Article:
Walgreens has delivered 200 backup generators to stores that lost power because of the storm but about 200 of the 1,400 locations in the affected area remain shuttered, said Michael Polzin, a spokesman. The company also is assessing where to deploy mobile pharmacies in places where their stores will be closed for an extended period, he said.
Eight Rite Aid stores "sustained substantial damage" because of the storm and 188 were either closed or operating without electricity, according to a press release issued Thursday.
Before visiting a pharmacy, patients should call first to make sure it is open, Donna Leusner, spokeswoman for the New Jersey Department of Health, said in an email. When possible, patients should take advantage of mail-order pharmacies because the U.S. Postal Service and United Parcel Service are still making deliveries to affected areas, she added.
Drugstores, hospitals, community health centers, charities and governmental agencies also are working to set up drug dispensaries in shelters and temporary health clinics, said Taucher, of Direct Relief International.
Health insurance companies like UnitedHealth Group and government programs like Medicare have special procedures in place to facilitate people filling prescriptions at pharmacies that are outside their network.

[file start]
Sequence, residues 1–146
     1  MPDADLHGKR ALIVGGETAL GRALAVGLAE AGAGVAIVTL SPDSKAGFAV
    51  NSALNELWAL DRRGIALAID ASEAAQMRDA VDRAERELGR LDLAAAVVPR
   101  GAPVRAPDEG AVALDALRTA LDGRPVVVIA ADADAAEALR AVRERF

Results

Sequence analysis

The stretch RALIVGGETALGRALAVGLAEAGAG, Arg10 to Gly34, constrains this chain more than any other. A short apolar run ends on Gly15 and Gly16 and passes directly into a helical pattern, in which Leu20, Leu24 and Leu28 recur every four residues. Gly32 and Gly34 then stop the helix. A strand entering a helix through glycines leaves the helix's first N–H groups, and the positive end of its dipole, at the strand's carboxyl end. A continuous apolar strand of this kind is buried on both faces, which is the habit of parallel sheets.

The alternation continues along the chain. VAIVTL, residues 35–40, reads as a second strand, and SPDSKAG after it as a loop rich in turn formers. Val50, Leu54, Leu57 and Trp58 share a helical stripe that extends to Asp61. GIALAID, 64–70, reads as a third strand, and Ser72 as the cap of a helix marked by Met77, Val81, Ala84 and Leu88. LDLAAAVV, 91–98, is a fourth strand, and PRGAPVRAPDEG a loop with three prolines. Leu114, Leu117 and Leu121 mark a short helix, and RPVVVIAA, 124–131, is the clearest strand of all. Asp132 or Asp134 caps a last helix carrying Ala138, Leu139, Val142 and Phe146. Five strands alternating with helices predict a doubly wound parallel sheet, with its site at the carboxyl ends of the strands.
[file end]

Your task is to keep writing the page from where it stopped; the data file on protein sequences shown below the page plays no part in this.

The Huffington Post is eager for insights from our community, especially people with experience in power, infrastructure and engineering, on the adequacy of emergency preparation in advance of Hurricane Sandy, and the degree to which past disasters have informed adequate planning and construction. Please send a note to firstname.lastname@example.org with insights and suggestions for the important questions that need to be asked of relevant private sector and government officials, and point us toward stories that need to be pursued.
BEFORE YOU GO
11/04/2012 12:26 AM EDT
PHOTO: A Marathon Wedding Proposal, Minus The Marathon
HuffPost's Katie Bindley reports:
Like all the competitors who trained for the 2012 NYC Marathon, Hannah Vahaba will not be running the race this year. But she also will never forget her moment at the finish line. After traveling in from Atlanta, Vahaba picked up a marriage proposal in Central Park on Saturday without having to traverse the 26.2-mile course.
"This is my fiance," said Vahaba, 31, who had tears running down her face as she stood in Central Park where the race would have ended, just moments after Martin O'Donoghue had proposed.
Photo by Damon Scheleur
11/04/2012 12:25 AM EDT
Check Donation Lists
Be sure to check donation lists to see what items are needed. For example, at one Staten Island donation center, there is a critical need for batteries batteries batteries, candles, matches, toilet paper, cleaning supplies, pet food, baby supplies, deodorant, shampoo and conditioner. Clothing isn't needed as much at that center.